Player explains MICs to public

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Brokers are increasingly turning to MICs to fund mortgages and one leading MIC provider recently explained this lending option to the public on a major news network.

“What (the banks) really are looking for is something that really has very little default risk,” Wayne Robinson, president and CEO of Pillar Financial and W.A. Robinson Asset Management said on the Lang & O’Leary Exchange Wednesday. “There is a lot of space after that (for MICs); self-employed people, situations such as marriage breakups or anything like that or small businesspeople looking to expand their business or wanting to borrow money against their residential properties.

“It sometimes just does not fit with the very strict bank formula.”

According to the Lang & O’Leary exchange, 50 per cent of MIC investments are in residential mortgages. Still, the general public may not be aware of this lending option. Robinson’s explanation, however, certainly provided some education; especially concerning how providers establish loan-to-value ratios.

“There (are) some pretty good industry standards; there are a full group of … appraisers across Canada and those appraisers we use on all of our properties so they establish, more or less, fair market value – the best estimate they can come up with,” Robinson said. “There (are) municipal assessments which (provide) a pretty good basis and if we have any concern about the appraisal or anything we go to a … well established realtor in the area and we say, ‘if you had this property what would you do with it?’”

The Bank of Canada recently stated it is monitoring MICs but that it doesn't view them as a potential liability to the economy.

"In Canada, the mortgage investment corporations, one would consider as part of the shadow banking sector but not as tightly regulated as banks,” Lawrence Schembri, deputy governonr of the Bank of Canada said in September. “Part of the shadow banking recommendations are looking at ways to address the vulnerabilities these corporations might pose (but) at this point in time we don't see a large vulnerability but we are monitoring those corporations quite closely."
 
  • Mortgage Guy on 2014-03-14 11:56:44 AM

    I think the Bank of Canada should give their head a shake. Capping the re-finance market to 80% LTV forces clients to seek private financing and paying interest rates up to 19% plus high lender fee's is not hurting the economy?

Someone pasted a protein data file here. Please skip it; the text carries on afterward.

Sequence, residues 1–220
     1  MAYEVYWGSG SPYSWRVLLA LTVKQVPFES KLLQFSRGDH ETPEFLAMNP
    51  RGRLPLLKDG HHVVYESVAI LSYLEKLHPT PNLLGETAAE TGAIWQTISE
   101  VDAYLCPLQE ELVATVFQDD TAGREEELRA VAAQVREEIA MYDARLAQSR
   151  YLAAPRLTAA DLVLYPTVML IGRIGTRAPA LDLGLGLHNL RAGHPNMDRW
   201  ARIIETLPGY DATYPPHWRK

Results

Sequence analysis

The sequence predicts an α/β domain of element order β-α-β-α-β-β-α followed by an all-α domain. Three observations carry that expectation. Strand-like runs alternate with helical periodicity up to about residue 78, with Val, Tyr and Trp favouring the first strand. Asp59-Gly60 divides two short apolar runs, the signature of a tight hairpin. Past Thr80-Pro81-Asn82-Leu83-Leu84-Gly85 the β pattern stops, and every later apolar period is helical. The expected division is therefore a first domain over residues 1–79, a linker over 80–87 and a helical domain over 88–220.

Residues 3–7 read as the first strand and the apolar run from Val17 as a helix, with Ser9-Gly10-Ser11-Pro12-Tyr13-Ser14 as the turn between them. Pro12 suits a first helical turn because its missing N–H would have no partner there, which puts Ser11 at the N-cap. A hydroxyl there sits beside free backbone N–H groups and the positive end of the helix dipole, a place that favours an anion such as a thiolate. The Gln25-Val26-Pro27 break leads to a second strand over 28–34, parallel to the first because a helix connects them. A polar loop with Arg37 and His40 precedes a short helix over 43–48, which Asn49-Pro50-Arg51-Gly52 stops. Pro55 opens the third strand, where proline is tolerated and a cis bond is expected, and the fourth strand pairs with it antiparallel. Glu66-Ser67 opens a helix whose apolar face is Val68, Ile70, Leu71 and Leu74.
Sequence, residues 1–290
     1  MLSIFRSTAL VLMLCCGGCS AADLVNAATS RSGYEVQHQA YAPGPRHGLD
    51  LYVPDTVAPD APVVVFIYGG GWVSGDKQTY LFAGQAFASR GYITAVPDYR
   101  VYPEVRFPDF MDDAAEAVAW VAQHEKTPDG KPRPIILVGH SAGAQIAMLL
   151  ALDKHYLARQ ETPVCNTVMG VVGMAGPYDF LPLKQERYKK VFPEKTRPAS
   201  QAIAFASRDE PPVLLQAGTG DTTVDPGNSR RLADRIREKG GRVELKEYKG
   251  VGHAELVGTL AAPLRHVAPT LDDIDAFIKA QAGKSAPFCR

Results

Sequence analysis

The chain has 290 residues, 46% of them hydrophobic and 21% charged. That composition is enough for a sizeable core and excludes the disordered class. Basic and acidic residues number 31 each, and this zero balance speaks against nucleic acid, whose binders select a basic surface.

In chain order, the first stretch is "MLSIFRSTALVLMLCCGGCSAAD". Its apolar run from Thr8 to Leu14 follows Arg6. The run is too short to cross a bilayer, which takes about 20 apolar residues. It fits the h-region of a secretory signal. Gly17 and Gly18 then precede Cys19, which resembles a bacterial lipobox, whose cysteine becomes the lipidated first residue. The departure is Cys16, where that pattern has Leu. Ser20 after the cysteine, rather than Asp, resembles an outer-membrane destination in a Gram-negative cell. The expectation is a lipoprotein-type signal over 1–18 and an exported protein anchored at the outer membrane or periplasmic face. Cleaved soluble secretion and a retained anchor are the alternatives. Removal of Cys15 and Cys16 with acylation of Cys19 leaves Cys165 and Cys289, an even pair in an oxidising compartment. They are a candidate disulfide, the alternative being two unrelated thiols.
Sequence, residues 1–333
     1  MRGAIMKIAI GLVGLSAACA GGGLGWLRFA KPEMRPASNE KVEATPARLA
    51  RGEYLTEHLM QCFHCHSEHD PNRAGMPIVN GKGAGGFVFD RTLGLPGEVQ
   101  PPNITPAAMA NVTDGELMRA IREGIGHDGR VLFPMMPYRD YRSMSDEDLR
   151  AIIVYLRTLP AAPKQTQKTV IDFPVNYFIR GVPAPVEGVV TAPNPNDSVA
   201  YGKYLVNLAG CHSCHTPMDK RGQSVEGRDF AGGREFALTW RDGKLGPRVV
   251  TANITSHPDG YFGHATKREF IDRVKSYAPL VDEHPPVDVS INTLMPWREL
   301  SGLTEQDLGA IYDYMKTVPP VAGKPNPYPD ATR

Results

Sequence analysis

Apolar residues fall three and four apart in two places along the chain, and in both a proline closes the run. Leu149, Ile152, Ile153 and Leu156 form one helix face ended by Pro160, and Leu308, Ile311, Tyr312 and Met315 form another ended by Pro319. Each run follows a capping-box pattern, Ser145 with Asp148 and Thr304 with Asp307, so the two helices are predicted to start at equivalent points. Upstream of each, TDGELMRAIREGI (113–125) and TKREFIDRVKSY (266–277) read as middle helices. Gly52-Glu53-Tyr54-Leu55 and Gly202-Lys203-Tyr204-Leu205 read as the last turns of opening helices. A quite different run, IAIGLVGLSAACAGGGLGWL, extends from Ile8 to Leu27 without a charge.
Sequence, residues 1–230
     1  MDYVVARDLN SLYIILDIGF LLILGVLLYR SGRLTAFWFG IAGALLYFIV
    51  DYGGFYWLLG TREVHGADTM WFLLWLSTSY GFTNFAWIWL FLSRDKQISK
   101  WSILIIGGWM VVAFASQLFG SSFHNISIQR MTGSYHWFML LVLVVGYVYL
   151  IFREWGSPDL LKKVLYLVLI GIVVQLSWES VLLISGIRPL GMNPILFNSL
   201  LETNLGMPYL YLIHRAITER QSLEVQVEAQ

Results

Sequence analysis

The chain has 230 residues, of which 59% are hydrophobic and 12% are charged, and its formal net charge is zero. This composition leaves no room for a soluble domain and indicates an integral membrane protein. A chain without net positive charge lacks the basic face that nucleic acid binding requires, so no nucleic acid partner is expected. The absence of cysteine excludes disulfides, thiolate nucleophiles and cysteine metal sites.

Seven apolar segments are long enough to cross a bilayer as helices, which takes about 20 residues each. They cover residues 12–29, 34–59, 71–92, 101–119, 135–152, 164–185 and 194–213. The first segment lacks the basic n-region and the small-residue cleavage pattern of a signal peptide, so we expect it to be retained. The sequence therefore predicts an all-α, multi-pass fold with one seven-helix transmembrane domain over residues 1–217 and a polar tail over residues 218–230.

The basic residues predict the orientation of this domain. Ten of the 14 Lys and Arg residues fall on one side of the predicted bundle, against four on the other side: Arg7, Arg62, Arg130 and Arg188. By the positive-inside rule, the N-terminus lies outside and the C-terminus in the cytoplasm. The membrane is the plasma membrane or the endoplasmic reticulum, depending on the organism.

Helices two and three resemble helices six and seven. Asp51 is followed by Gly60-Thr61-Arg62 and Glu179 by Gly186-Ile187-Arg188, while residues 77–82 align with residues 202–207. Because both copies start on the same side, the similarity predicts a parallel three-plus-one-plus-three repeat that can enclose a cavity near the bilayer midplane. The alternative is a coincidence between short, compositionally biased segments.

I deal with a lot of power of sales due to MIC underwriting files that shouldn't be approved so the can seize the house in 12 months and basing the value on an conservative appraisal. I think this is a license to steal from the public and force people out of their homes.

    I think MIC's and private lenders should be regulated and given guidelines so they don't become harmful and the ones that are predatory, should be fined and license revoked.

  • Ken Mahon on 2014-03-14 1:08:38 PM

    The critics of MICs sound like they don't work in the industry. MICs are generally managed by licensed mortgage brokers who are required to take education courses and [in BC ] are required to re register every 2 years. Their trust accounts are audited annually and the MICs are required to publish audited financials annually. No lender likes to have bad loans as they drag down the yield in the MIC and consume an enormous amount of time to resolve. MICs operate differently than the brokers, lenders and loan packagers who presided over the 2008 real estate melt down in the US in that MICS generally keep the loans that they fund through to maturity so they are careful to do solid underwriting so they don't end up with bad loans. Most of the MICs that we compete with in Western Canada lend in the 6 -9% range which, admittedly is higher than most bank, insurance and trust Company rates but all businesses and individuals do not qualify as bank, insurance and trust Company borrowers but they still need to borrow. In summary, MICs are a well regulated part of our financial system in Canada and they serve an important and growing segment of our financial market. In addition, the people who invest in MICs are generally people and corporations looking for a better return than the 1% currently payable by banks on savings accounts. 1% isn't much good for an RRSP if the cost of living is increasing by 2% per year. I would be more than happy to debate the importance and responsible behavior of MICs in our marketplace with any critics that care to.

  • Ron Butler on 2014-03-14 1:54:29 PM

    I take no notice of Mortgage Guy's pointless rant, painting every sort of private mortgaging with the same brush is just plain silly.

    Mr. Mahon's points are well made but to fair we need to agree all MICS are not created equal.

    I have seen several MICS in Ontario that are lending in a reckless manner, constantly soliciting new investors and new mortgagors to allow them to push hot money ahead of future defaults. Very reckless lending on substandard properties and odd specialties like nursing homes and rooming houses. I am not even going to comment on MICs lending on future land development, that ship has sailed in previous articles. Since yields on term deposits and bond funds are so low I fear even high net worth qualified investors are becoming too enthusiastic about yields from newly formed MICS with unproven histories.

    As far as regulations on MICS go I will say this: you cannot legislate: experience, prudence, honestly and good intentions towards investors. Many MICS have those good qualities ROMSPEN, Fisgard and others are among them; but all MICS are not the same.

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